Access to low or no-cost Internet in marinas, anchorages, and along the waterways poses some problems. Many marinas provide cable or dial-up telephone lines for a fee. Others may have local WiFi services with monthly fees. There are also annual service plans for mobile broadband computer connections to cell phone providers. Some lucky boaters may be tantalizingly close to a free hotspot whose signal spills over the waterfront but does not quite reach the boat. One option to accessing close-by free hotspots is to extend the reception/transmission range of the computer’s WiFi equipment. As shown in the accompanying photo, what is needed is a four-foot, 12db gain, 2.4 GHz antenna
in place of the inch-like antenna normally enclosed in a WiFi card or the laptop’s internal WiFi equipment. The longer antenna is connected to a PCMCIA WiFi card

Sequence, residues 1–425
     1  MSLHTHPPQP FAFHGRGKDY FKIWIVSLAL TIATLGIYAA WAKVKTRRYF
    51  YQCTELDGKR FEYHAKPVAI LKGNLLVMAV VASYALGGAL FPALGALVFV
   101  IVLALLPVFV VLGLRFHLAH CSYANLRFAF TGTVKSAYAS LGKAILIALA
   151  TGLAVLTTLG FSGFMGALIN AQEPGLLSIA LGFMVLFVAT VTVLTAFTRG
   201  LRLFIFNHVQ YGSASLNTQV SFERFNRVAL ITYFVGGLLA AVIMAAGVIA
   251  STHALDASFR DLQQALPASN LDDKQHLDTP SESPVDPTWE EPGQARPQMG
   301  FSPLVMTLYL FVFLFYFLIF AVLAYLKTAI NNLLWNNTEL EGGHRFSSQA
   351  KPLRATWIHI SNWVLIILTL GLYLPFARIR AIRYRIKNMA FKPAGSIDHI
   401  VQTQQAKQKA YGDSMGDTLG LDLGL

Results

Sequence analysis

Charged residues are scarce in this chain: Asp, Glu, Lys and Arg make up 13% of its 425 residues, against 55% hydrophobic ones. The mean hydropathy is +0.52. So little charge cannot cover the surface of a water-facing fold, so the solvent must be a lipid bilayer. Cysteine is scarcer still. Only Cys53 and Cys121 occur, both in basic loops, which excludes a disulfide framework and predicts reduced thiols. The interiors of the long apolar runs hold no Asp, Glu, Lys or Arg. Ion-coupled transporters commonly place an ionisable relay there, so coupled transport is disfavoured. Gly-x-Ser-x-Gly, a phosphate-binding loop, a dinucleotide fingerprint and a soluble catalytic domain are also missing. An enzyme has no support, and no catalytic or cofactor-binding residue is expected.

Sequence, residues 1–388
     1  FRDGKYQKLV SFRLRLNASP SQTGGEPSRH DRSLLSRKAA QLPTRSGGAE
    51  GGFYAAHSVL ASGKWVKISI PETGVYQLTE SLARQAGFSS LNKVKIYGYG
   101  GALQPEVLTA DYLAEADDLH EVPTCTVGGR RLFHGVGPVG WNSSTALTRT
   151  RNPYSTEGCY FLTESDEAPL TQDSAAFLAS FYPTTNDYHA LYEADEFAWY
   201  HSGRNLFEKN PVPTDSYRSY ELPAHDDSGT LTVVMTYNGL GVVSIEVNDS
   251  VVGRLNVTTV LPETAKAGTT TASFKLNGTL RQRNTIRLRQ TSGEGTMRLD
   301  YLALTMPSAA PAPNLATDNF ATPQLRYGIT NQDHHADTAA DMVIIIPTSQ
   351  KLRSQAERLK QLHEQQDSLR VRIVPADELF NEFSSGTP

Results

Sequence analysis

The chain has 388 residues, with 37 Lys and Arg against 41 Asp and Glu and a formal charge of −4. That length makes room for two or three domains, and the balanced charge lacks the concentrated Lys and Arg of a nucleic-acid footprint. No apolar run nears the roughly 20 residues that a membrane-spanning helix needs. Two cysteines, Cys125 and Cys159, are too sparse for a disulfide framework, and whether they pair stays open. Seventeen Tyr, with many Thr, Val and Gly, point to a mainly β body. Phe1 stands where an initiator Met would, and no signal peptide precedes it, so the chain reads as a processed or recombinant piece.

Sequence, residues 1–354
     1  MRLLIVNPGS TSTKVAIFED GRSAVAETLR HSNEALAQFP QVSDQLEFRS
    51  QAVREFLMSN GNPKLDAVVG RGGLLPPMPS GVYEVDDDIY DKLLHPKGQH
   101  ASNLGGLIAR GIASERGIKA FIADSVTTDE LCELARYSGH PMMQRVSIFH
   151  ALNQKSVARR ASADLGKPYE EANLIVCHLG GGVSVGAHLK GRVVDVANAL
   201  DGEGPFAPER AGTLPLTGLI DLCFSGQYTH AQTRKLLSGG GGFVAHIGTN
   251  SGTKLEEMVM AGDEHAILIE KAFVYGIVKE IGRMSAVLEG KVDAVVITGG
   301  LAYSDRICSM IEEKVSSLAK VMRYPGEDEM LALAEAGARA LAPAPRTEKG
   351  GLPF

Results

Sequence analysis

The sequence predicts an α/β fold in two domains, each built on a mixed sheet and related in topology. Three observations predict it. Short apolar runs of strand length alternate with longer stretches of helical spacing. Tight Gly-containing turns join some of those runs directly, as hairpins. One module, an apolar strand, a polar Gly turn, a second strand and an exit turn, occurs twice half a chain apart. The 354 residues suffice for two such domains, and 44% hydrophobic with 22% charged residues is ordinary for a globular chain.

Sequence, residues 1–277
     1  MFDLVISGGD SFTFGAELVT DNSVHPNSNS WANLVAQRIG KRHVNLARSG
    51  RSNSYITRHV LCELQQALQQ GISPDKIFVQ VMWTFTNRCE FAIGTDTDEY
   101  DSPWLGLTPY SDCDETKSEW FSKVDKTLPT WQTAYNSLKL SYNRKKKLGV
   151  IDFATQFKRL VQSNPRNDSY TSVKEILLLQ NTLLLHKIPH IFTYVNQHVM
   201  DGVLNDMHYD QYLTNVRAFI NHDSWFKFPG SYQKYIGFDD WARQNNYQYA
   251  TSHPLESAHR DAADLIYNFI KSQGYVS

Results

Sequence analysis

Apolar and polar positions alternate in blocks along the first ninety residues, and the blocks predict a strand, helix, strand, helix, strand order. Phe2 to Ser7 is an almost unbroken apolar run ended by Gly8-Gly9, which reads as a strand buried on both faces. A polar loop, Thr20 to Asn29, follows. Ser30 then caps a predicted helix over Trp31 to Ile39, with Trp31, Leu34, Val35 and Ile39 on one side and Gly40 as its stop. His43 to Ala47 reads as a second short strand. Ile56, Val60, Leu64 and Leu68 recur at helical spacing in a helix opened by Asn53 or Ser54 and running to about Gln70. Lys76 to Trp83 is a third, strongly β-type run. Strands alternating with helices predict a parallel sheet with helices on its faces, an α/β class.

with an external antenna connector. (If the laptop has internal WiFi equipment, it must be disabled in favor of the external plug-in card. This is accomplished by disabling the network adaptor in the device manager directory of the system’s hardware directory.) If longer leads are needed for the connections, additional piglets are available with the N-type coaxial connectors.
It is very difficult to quantify the increase in range from the longer antenna. At my downtown marina location, I gained access to many more hotspot signals with this antenna rig. Fortunately, some of these signals have come from free hotspots along the waterfront. That makes me a very happy Internet camper.